August 14, 1996
Over the past few months, we have talked with dozens of companies about opportunities to increase profits, while reducing expenses and environmental impact, with a systematic program of boosting environmental quality and efficiency.
The responses have been varied, and telling. Quite a few say “This makes perfect sense. When can we start?” Some are motivated by the often attractive return on investment (ROI) that ecoefficiency initiatives can generate. Some are relieved that “doing the right thing” doesn’t have to cost them money, but could actually contribute to the bottom line. Some people–especially owners and managers of smaller companies–simply don’t have time. And we fondly remember one gnarly soul who told us he was simply “Not interested” in our ecoefficiency offerings. “Not interested in saving money?” we asked. “Not that way!” he grunted!
The range of responses is not surprising (though the ideological vehemence of the last one was!). Every business faces the daily challenge of productive allocation of scarce, or at least finite, resources. Every allocation decision has consequences, and in this day of cost cutting and downsizing there is enormous pressure for each allocation decision–especially an innovative one– to make good business sense.
So what is the cost of environmental quality? Equally important, what is the opportunity cost of quality and efficiency possibilities not realized, for whatever reason?
Philip Crosby offered an answer in the title of his book Quality is Free–an answer that in fact has been one of the lessons of the Total Quality Management movement, and its descendant Total Quality Environmental Management.
As Daryl Ditz, Janet Ranganathan and R Darryl Banks noted, in the recent World Resources Institute (WRI) book Green Ledgers: Case Studies in Corporate Environmental Accounting, “environmental costs are dispersed throughout most business and can appear long after decisions are made.” Case studies of nine businesses show that environmental costs are often both sizable and “often systematically underappreciated,” with important consequences. If environmental costs are underestimated, they will be undermanaged. If they are improperly allocated, that can’t be well managed. And if they are misunderstood–for example as mere regulatory burdens, the usual bugaboo, rather than a way of interpreting cost structure that offers considerable management leverage–your company sacrifices the opportunity of changing it in beneficial ways. If environmental costs on a product line exceed operating profit, as they did for one S.C. Johnson product, if a cost cutting measure has environmental consequences that jeopardize the viability of a product line, as was the case at Dow, or if exaggerated estimates of environmental costs that actually “provide multiple benefits such as greater occupational safety or enhanced product quality,” then managers lose the opportunity to manage wisely, companies lose competitive advantage and shareholders lose profits.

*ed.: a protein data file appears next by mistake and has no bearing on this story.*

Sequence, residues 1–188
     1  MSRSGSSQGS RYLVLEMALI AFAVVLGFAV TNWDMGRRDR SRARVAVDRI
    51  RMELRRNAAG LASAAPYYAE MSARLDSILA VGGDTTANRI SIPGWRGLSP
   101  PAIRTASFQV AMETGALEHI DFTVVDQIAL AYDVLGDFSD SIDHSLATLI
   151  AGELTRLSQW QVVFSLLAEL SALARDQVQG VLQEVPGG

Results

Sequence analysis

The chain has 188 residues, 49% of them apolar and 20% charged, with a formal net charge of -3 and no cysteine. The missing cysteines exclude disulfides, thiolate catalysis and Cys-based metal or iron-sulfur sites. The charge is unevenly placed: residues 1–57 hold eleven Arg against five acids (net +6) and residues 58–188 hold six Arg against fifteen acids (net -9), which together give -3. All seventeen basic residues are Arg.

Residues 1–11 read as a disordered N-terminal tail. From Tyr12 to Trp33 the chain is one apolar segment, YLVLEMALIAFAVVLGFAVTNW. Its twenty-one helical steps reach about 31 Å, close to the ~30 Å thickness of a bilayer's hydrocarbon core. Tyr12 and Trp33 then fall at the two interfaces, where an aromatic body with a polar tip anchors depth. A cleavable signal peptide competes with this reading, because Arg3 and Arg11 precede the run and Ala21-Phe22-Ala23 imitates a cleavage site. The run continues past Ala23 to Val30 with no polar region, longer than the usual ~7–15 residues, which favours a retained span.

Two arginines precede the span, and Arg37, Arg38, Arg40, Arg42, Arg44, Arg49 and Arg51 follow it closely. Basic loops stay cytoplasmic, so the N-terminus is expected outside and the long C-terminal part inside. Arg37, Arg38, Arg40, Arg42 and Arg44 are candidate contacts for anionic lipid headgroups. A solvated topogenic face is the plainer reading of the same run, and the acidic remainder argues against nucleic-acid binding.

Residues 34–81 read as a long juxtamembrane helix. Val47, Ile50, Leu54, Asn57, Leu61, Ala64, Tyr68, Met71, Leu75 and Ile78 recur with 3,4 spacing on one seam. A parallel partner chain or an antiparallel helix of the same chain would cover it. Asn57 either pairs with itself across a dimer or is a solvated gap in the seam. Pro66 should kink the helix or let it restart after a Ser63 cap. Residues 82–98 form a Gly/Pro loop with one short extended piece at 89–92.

Beyond cost structure, consider “regulatory immunization.” The Providence (Rhode Island) Journal found that one side effect of an energy efficiency programs that cut energy use 75%–no small benefit in itself–was complete elimination of air emissions. This in turn meant elimination of the need for future investment in air pollution control equipment, the capital reserves that might be required for that, and the headache of worrying how the regulations would change in coming years.
Market entry is another driving factor. As we have often noted, the ISO 14000 series of standards may well become the required entry ticket to many lucrative international markets. What is the value of a cost avoidance strategy that sacrifices market entry? Within markets, environmental factors can significantly influence market share. It’s been reported that qualifying a product for Germany’s Blue Angel ecolabel can be worth a 30% boost in market share. Not a bad “side effect” of practices that can reduce costs and expand operating margins.
The real costs may go still deeper. Karl-Henrik Robert, founder of Sweden’s Natural Step (Det Naturliga Steget), observes that “In this age of global trading and global branding, the value of a brand far exceeds the capital assets of a company. A global brand may take years to build, and only one incident to tarnish.” Just ask Shell, which recently faced the double impact on its brand value of both the Brent Spar incident and the execution of Ken Saro-Wira by its Nigerian government partners. The public regard for your brand identity, from an international public increasingly sensitive to environmental concerns, may be the true measure of the cost of quality.